Dr Jim Wild - Weathering solar storms

Dr Jim Wild - Weathering solar storms

Space isn't quite as cold and empty as you might first think. The Earth is embedded within the outer atmosphere of the Sun and is constantly buffeted by the solar wind and bathed in the remnants of the Sun's massive magnetic field. While generally imperceptible to humans here on Earth, changes in the space environment, so-called "space weather", can have an impact upon man-made technologies under, on and above the surface of the Earth.

Over 150 years ago, English astronomer Richard Carrington observed a massive solar flare and the geomagnetic storm that resulted was the most powerful on record. Although Victorian technologies were temporarily disrupted, some fear that a similar event today could disable the high-tech infrastructure that underpins modern society. Jim Wild looks at the science behind space weather and considers some of the implications of living with a star.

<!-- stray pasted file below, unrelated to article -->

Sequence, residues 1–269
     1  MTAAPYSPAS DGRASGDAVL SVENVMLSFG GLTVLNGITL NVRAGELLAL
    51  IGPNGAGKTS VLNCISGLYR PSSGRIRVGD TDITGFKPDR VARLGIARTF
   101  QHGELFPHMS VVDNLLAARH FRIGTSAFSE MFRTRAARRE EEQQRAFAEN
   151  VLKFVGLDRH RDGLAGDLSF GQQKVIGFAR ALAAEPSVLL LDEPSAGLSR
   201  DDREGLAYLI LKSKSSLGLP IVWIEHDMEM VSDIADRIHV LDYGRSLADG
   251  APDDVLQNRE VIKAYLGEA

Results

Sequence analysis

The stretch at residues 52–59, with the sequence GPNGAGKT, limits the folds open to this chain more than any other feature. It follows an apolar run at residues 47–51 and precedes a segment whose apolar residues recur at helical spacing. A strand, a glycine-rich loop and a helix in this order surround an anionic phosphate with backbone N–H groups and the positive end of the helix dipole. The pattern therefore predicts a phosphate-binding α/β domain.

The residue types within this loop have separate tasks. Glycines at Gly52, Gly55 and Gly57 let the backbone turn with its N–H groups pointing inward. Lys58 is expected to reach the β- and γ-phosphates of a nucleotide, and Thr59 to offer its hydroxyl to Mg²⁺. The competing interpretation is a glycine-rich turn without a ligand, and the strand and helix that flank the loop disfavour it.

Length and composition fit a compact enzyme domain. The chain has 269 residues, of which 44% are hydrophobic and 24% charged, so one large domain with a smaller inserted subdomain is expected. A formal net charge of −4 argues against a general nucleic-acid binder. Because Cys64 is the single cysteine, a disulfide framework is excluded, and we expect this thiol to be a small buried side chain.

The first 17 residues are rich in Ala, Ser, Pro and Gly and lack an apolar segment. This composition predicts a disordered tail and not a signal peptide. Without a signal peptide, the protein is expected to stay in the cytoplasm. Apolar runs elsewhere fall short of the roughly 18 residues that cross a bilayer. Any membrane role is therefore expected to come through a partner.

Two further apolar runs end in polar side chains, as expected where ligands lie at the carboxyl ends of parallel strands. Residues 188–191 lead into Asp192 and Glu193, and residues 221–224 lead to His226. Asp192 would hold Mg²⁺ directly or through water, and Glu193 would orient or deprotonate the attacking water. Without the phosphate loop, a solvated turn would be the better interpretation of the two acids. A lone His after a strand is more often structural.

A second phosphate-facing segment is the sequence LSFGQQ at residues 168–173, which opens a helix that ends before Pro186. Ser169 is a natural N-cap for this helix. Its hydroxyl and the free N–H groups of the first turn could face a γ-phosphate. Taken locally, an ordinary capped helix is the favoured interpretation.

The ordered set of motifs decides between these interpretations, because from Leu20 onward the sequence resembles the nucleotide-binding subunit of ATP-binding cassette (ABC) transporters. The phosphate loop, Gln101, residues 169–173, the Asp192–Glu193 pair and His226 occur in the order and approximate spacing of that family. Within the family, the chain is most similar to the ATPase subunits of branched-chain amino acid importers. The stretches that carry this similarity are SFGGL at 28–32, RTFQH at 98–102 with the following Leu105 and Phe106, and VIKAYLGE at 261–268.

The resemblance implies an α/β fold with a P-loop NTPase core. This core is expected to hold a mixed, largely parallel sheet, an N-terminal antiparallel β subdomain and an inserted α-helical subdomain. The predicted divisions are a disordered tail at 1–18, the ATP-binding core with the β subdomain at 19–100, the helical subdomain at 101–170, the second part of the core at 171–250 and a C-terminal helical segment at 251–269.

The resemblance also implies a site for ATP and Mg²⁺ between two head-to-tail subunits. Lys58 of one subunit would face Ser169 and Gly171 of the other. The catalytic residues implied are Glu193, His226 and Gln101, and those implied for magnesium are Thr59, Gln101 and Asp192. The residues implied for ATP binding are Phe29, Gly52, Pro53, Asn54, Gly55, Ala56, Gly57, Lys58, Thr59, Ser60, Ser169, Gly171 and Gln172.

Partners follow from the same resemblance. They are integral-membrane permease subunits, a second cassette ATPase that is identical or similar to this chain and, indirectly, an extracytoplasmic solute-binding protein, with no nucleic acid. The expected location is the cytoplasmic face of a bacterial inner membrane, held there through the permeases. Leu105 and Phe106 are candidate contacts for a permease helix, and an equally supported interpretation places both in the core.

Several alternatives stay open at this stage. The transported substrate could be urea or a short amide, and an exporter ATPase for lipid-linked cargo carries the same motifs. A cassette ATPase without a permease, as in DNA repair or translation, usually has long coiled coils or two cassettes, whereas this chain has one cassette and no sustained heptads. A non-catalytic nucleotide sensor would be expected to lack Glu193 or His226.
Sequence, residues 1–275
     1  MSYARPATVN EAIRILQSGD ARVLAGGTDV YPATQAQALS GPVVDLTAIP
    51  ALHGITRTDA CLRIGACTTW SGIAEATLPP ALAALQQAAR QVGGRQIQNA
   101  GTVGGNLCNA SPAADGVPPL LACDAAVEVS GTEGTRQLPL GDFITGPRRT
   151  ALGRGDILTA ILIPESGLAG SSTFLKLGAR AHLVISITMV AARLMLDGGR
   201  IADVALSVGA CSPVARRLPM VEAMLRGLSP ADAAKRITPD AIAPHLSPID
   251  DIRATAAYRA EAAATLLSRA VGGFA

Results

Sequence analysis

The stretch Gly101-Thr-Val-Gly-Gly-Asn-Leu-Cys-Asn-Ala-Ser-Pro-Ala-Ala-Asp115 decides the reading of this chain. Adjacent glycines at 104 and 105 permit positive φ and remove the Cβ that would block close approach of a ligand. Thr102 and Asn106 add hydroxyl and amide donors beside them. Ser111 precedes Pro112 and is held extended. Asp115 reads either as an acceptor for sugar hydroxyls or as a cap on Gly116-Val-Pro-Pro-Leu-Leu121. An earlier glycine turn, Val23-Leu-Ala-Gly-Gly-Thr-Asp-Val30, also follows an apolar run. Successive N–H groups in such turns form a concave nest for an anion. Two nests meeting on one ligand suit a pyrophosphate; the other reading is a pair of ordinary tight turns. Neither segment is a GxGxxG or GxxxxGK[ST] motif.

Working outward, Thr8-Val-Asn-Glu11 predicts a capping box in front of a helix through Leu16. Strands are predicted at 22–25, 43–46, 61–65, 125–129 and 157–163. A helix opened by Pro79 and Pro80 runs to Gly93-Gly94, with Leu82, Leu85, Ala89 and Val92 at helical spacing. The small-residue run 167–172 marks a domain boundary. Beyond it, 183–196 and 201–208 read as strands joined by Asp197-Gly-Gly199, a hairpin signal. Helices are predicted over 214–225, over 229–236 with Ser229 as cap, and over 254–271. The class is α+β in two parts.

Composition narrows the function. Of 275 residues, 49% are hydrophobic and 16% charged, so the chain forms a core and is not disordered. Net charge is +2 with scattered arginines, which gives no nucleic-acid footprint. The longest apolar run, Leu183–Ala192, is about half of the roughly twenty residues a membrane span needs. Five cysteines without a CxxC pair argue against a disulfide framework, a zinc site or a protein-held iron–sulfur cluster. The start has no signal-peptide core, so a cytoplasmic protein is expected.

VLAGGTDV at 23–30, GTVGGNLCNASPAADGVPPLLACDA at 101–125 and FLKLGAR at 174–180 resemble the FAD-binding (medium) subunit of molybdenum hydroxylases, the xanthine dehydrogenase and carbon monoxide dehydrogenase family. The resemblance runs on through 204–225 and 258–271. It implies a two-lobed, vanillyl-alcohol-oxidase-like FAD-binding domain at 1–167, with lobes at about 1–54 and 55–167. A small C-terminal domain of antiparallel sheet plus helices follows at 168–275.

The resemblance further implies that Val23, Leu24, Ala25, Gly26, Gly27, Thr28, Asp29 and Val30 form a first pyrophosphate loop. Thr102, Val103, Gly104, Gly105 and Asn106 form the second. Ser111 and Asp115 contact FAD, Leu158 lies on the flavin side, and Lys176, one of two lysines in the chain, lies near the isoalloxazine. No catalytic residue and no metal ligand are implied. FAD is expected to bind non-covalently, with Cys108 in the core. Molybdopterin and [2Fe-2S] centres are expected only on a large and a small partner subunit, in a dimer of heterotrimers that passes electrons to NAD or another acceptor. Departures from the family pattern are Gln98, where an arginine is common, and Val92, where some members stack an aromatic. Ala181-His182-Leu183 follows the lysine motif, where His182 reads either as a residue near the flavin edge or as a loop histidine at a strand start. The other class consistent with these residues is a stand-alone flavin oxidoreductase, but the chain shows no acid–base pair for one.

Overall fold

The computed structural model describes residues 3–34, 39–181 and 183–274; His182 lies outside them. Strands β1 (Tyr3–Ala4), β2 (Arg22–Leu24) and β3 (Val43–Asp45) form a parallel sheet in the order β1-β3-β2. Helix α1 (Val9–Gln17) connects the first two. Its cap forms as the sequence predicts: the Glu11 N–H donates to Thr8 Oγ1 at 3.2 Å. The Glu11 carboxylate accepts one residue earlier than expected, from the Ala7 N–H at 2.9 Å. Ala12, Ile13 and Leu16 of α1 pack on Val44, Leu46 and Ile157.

Jim Wild is a space scientist and lecturer at Lancaster University, he is also one of the UK Science and Technology Facilities Council's Science in Society Fellows. Having studied the physics of the auroral ionosphere for his doctorate at the University of Leicester, he now exploits a host of experiments in the high Arctic and international satellite missions to explore the electromagnetic coupling that links the Earth to the Sun. As well as revealing the nature of the space environment in which we live, his research has implications for the man-made systems and technologies on which modern society depends.

Jim Wild's homepage is: www.jwild.co.uk


Saturday, 16 July 2011 14:00


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